Prisoners serving life without parole for crimes they committed as juveniles would instead face a minimum 20-year sentence, under a bill presented to Nebraska lawmakers
LINCOLN, Neb. (AP) - Prisoners serving life without parole for crimes they committed as juveniles would instead face a minimum 20-year sentence, under a bill presented to Nebraska lawmakers.
Sen. Brad Ashford of Omaha offered the measure Friday to the Legislature's Judiciary Committee.
The bill was introduced in the wake of last year's U.S. Supreme Court ruling, Miller v. Alabama, which prohibited life-without-parole sentences for crimes committed by juveniles.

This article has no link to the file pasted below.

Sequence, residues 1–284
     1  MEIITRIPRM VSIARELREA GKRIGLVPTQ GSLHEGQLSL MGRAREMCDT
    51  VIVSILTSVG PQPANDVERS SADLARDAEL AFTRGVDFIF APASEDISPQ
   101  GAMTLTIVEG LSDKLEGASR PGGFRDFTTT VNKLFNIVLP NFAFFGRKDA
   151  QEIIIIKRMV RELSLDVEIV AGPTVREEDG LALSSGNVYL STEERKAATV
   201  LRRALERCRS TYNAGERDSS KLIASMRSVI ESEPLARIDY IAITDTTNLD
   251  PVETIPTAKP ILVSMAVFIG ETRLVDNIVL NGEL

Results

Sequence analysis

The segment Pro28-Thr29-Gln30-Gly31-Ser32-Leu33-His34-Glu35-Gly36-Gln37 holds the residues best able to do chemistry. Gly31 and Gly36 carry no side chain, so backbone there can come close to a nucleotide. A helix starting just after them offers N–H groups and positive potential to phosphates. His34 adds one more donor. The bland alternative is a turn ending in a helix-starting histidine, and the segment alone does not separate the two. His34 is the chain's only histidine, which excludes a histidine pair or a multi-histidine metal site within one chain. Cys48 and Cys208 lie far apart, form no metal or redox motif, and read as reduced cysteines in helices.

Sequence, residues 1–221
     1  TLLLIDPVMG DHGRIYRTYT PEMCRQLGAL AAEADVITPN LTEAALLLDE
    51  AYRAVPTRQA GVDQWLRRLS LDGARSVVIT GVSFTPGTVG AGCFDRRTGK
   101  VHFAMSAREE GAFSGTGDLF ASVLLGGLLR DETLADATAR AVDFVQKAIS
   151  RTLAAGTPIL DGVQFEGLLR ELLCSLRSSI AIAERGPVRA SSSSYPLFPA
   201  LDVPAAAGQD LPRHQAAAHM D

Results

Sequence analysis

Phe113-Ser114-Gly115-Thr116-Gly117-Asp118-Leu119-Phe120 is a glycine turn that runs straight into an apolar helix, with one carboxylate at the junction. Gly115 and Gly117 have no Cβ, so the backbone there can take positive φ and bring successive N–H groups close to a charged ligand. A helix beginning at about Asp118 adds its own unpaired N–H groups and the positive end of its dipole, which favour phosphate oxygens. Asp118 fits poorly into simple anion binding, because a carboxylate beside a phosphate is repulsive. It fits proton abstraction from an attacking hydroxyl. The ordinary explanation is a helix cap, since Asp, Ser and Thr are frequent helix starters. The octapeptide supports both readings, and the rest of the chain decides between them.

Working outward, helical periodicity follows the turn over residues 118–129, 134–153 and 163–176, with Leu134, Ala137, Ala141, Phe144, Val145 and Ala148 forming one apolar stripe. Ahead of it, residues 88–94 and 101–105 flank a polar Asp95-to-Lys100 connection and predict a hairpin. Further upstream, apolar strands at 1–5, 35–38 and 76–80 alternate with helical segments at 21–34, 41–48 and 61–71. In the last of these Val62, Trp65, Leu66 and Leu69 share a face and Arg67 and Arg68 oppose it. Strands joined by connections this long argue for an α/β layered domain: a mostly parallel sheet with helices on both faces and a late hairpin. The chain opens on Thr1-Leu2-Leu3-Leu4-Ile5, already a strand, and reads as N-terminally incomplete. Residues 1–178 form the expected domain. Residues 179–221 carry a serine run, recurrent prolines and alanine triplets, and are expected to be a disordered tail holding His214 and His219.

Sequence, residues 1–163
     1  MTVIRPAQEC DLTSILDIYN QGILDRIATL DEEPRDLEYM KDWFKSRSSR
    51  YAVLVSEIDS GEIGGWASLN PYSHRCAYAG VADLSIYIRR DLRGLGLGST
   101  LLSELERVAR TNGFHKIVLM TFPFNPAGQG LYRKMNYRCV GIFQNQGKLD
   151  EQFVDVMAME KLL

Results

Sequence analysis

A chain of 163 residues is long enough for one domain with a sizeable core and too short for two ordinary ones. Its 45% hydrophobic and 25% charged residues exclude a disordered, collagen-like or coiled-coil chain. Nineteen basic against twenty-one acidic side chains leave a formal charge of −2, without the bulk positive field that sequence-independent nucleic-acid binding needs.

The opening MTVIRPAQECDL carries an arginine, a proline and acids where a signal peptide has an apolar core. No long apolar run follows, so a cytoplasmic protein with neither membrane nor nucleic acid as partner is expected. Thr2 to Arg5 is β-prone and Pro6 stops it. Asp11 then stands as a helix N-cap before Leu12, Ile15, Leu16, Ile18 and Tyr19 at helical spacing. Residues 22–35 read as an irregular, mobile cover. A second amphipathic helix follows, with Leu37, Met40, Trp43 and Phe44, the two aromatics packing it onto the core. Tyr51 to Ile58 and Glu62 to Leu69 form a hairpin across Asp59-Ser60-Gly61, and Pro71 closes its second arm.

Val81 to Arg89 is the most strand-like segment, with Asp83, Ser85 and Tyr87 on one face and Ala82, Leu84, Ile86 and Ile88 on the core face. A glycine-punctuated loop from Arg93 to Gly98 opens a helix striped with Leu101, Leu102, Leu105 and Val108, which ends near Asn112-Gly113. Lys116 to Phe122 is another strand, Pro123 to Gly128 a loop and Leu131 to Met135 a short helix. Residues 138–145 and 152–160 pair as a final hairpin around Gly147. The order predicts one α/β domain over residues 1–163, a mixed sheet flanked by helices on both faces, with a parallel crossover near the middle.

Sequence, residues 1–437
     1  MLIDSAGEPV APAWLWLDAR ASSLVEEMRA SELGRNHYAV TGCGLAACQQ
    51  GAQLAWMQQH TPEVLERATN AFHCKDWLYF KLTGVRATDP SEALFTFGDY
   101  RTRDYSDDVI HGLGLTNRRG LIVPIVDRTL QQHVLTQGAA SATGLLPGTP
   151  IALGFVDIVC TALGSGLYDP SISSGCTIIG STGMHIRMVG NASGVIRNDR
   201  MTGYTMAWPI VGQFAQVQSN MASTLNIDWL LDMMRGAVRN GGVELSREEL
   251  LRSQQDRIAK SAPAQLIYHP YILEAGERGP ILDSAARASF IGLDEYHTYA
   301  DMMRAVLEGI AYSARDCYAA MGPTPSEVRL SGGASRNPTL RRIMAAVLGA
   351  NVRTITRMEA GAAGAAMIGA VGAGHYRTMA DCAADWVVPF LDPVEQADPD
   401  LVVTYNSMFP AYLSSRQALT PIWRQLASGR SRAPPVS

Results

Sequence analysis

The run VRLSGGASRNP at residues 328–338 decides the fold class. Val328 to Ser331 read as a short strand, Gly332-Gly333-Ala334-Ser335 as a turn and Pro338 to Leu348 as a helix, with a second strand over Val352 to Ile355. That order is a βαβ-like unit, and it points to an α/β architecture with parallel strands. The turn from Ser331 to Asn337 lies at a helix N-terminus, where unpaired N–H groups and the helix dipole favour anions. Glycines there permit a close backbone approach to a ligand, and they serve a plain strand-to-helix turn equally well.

Lawmakers are trying to find a new minimum that balances the need for justice with the recognition that adolescent brains aren't fully developed. Bill supporters say the life sentences also fail to consider mental health issues or a juvenile's upbringing.
Ashford says he intends for the bill to apply to currently incarcerated inmates who committed their crimes as juveniles.
The bill is LB44
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